LinkedIn not only allows you to share your thoughts in a status, but also has its own blogging platform where you can write and share post. Since I have my own blog, I do the majority of my writing on here but I have written some posts primarily for LinkedIn. These posts at the time made sense for me to share, for example, I wrote a reflection of my first ever professional experience on LinkedIn articles.
In my opinion, its good practice to have some content on LinkedIn as well (that is ONLY for LinkedIn) for people looking at your profile who don’t necessarily want to click away from the site. It also gives a good first glance of who you are and what you’re about, which is what you want others to take away when they look at your profile!
Some ideas to get you started:
- Career journey – how did you get to where you are right now?
- University experience – what did you get out of university?
- What are you working on right now?
- What is something that you want to be known for? For me, it was community work and a reputation of helping others so I write about it constantly (because hey, it is so important!)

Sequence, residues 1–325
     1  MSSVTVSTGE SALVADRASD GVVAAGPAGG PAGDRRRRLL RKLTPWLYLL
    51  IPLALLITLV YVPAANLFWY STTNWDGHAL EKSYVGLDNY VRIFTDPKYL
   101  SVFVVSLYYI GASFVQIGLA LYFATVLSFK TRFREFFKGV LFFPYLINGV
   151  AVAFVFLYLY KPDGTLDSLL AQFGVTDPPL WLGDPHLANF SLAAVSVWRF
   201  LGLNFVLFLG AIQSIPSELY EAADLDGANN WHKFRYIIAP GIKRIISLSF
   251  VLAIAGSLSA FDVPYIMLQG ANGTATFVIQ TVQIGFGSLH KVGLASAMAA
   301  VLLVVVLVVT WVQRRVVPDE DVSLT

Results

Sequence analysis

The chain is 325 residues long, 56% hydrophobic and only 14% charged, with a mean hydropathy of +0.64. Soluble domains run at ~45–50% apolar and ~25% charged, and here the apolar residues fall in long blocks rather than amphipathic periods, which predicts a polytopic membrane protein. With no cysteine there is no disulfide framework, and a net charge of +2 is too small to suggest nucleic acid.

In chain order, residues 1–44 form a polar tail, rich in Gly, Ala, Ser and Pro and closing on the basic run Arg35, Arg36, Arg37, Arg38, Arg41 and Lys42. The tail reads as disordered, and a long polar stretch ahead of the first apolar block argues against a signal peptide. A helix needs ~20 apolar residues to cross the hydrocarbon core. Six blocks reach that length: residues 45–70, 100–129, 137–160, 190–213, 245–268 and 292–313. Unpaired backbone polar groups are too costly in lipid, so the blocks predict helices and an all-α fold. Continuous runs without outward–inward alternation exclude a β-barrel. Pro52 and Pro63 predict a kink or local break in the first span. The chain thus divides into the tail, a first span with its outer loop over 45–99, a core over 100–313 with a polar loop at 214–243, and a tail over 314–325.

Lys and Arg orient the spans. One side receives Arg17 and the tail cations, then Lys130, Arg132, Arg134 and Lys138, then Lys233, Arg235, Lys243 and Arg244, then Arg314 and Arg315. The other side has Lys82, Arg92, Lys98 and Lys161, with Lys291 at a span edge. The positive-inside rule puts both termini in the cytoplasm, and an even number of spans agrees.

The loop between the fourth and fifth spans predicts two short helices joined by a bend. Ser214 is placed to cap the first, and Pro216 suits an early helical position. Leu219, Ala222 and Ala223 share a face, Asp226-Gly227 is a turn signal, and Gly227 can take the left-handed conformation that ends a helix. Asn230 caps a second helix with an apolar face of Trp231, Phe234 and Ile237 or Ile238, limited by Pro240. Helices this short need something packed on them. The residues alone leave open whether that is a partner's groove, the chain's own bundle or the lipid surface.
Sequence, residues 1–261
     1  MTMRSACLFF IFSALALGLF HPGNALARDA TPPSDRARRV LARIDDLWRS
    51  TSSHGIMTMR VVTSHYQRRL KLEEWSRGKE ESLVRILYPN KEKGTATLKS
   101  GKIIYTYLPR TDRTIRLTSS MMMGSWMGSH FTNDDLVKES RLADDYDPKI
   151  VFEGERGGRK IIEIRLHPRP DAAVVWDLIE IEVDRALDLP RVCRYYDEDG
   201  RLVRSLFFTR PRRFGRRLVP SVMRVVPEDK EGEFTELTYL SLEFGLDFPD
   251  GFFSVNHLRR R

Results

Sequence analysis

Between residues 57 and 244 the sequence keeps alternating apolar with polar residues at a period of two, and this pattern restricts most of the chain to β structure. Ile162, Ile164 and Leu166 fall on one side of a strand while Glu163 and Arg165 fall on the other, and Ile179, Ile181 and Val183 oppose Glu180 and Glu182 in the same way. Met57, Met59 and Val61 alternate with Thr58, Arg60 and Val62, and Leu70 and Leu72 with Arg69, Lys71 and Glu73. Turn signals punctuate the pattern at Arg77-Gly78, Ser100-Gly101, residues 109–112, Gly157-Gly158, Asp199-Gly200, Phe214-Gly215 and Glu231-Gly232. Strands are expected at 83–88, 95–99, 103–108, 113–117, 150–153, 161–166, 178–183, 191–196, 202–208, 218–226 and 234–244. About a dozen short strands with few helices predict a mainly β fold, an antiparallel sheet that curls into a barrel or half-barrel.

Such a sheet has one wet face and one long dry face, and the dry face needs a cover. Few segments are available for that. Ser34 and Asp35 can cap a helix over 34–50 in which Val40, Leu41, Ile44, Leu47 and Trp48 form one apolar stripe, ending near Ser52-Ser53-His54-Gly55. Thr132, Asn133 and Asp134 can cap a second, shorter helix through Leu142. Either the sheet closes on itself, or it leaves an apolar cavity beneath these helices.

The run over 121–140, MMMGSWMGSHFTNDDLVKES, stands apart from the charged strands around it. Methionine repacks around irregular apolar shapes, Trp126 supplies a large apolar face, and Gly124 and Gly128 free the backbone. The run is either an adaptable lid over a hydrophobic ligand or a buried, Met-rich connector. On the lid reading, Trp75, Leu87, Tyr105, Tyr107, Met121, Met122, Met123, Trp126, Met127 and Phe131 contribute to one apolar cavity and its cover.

- Advice on the industry you’re in
- Advice on something you’re an expert in or wanting to explore more of (because let’s be real, nobody knows everything)
These ideas don’t have to be articles, they can also be a status! Get creative! Make sure you tag relevant people, use relevant hashtags and also share the love on other people’s work and what they are saying – connecting with the right people is golden.
It’s no always about writing and creating content, share other content you find interesting with some words on why you’re sharing it. Getting your views out there can drive you to other like-minded folks!
Using LinkedIn for Business
I personally like to use LinkedIn for Business for my blog – Pawlean.